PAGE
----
If the Chargers leave town, San Diego won't be losing just a football team, it also will likely be bidding adieu to a charity that in its time has spread some major money around town.
Like the team, San Diego Chargers Charities has had its up and down years but can generally be counted on to cough up cash for school weight rooms, college scholarships, and a program it calls Junior Charger Girls.
"Participants age seven to fifteen perform in front of 65,000+ Charger fans," says the nonprofit's federal disclosure report for 2013, filed last August 26.
"The program teaches the participants the importance of raising money for charitable organizations while also teaching teamwork as the girls learn the performance routine from the official Chargers Girls dance team."
In 2013, the charity posted $466,089 in contributions and grants. The year before, the total was $252,792; in 2011, income reached just $117,099, according to the filings. In 2009, the nonprofit took in $627,414. Federal law doesn't require the source of the money to be disclosed.
From 2009 through 2013, according to the 2014 report, a total of $1,374,321 in gifts, grants, and contributions was received by the charity.
Top donations in 2013 included $75,000 to Clairemont High School for aid to school programs; Mission Bay High got $76,500. Other recipients included John Muir Middle School ($45,000); Wangenheim Middle School ($40,000); Nye Elementary ($30,000); Cajon Park Elementary ($13,000); and the Make-a-Wish Foundation ($37,110).
"Clairemont High School received $75,000 for a new weight room and sand volleyball court," according to a post on the San Diego Unified School District's website.
"John Muir K-12 School received $45,000 for fencing equipment and an archery center. Wangenheim Middle School was granted $40,000 for an indoor fitness center. Nye Elementary School received $30,000 for its Peaceful Playground Program."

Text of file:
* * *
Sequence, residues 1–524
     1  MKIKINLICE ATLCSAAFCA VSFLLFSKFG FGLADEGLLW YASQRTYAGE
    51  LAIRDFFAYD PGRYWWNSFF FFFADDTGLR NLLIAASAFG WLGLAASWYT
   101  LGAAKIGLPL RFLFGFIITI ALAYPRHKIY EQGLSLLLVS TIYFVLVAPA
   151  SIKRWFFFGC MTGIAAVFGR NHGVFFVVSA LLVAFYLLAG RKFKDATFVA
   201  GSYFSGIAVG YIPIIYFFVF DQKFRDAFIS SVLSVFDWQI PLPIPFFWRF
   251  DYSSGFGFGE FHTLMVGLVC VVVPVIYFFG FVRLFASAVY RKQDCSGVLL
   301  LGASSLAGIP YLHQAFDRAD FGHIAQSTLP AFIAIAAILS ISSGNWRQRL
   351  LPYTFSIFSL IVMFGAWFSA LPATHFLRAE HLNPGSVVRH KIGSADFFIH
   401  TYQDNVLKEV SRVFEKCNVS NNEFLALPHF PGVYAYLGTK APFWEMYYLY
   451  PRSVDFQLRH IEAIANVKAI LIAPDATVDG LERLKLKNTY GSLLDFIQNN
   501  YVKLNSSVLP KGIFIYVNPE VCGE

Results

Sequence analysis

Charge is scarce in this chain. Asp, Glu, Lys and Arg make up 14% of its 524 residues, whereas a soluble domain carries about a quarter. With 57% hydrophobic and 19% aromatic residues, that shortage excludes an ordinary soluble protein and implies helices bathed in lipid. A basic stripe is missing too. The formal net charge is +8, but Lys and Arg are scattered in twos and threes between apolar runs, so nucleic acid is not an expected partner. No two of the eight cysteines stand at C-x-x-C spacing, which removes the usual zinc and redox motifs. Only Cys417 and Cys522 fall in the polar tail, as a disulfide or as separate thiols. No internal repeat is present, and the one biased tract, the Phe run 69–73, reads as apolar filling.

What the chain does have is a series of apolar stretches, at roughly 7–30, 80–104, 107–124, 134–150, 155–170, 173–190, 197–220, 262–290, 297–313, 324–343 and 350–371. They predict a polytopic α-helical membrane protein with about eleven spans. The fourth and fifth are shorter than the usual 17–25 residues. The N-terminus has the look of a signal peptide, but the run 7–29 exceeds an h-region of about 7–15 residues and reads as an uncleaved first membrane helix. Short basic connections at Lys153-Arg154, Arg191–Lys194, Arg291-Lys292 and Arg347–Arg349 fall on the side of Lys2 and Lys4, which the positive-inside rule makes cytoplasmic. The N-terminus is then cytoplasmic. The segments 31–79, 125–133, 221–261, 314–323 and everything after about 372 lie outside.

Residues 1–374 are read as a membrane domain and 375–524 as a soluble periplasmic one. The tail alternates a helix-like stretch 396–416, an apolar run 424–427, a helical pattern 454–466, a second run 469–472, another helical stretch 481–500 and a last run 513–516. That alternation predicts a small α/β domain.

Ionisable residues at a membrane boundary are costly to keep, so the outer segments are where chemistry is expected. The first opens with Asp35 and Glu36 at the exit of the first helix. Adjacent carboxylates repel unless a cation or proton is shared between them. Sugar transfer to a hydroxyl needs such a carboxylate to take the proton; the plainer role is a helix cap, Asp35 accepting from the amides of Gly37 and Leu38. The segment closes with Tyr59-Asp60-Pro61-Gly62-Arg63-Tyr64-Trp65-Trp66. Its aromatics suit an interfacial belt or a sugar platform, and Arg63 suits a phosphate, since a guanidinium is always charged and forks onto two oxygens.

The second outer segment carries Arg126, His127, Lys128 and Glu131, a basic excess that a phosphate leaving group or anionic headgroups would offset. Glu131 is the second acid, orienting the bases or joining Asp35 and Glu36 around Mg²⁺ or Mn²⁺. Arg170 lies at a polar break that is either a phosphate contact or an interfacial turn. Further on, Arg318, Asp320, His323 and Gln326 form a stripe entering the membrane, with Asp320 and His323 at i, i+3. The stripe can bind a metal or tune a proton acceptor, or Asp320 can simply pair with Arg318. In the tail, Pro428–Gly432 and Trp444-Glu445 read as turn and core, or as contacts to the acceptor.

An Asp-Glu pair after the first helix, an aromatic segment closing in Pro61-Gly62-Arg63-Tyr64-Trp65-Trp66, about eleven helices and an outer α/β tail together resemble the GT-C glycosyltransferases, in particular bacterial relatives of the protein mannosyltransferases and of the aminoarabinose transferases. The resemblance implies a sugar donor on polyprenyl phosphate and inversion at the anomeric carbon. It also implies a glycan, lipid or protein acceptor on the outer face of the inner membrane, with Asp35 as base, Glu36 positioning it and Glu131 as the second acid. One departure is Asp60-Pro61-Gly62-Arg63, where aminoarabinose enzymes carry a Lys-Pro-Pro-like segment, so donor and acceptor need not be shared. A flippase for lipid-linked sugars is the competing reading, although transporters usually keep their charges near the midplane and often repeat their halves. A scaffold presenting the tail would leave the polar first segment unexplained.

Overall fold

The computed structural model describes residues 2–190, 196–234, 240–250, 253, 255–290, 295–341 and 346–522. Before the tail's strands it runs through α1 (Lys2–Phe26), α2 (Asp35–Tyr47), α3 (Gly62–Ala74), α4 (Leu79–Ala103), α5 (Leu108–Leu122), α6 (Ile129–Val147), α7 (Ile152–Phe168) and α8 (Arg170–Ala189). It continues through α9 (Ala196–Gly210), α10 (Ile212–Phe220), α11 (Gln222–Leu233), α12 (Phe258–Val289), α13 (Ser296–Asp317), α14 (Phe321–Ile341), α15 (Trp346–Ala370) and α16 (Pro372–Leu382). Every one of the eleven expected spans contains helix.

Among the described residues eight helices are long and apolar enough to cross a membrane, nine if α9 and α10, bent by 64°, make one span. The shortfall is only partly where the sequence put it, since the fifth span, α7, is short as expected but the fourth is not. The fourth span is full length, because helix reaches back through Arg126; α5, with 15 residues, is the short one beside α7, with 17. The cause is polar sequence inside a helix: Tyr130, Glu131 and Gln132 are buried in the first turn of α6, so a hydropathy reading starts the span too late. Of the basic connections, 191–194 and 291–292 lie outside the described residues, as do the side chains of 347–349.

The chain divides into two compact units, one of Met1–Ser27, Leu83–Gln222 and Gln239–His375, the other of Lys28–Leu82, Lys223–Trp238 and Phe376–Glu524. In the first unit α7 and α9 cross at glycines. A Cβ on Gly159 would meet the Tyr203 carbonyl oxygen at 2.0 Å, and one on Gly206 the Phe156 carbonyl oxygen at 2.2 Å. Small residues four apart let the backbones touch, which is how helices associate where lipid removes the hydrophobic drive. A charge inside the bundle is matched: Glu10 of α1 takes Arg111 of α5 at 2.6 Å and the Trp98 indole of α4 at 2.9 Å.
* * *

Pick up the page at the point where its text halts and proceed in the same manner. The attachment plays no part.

Chargers president Dean Spanos was quoted as saying, “The main goal of our program is to provide students in San Diego with the necessary means to living a healthy lifestyle through physical fitness.”
According to the team's website, 2014 grants included $70,000 to Rancho Buena Vista High School for a weight room and $40,000 to Woodrow Wilson Middle School for the same. Del Dios Middle School got $35,000 for a fitness lab and Edison Elementary got $30,000 for a railyard course and fitness equipment. Monarch School got $24,000 for a turf field.
But if the Chargers depart the city for a destination north, a new arrival from Los Angeles may be counted on by local fundraisers to pick up some of the charitable slack, though he has a way to go to catch up with the Spanos family.
Austin Beutner, the wealthy publisher of the Union-Tribune who reportedly got $100 million for his share in an investment banking firm he co-founded, runs the L.A.-based Beutner Family Foundation.
According to its most recently available federal disclosure filing, dated May 28 of last year, Beutner's nonprofit had total assets of $97,755 and gave $250 to the East Harlem Tutorial Program.
As previously reported here, Beutner was a major player in the administration of Bill Clinton and is a big donor to Democratic politicos, including California governor Jerry Brown.
Earlier this week, Beutner interviewed Brown at an event sponsored by the U-T and L.A. Times, of which he is also the publisher. Both papers are owned by Chicago-based Tribune Publishing.
"Some eyebrows went up about the interview being conducted by Beutner instead of a Times journalist," reported L.A. Observed.
"But Beutner is increasingly being put forth to the public as a high-profile name at the Times. He certainly keeps getting mentioned in the paper's own headlines, including in coverage of the Brown talk."
Added the item, "Brown talking about the drought isn't really a news-making event, but the event got lots of coverage in the Times — including a triple-byline story in print, an analysis by columnist Cathleen Decker, and full-press advance and live coverage online.”
Noted L.A. Observed: “The Times used the occasion to announce another in its growing roster of newsletters, Water and Power, covering the drought. Beutner is a big internal proponent of these sponsored newsletters as a new revenue source."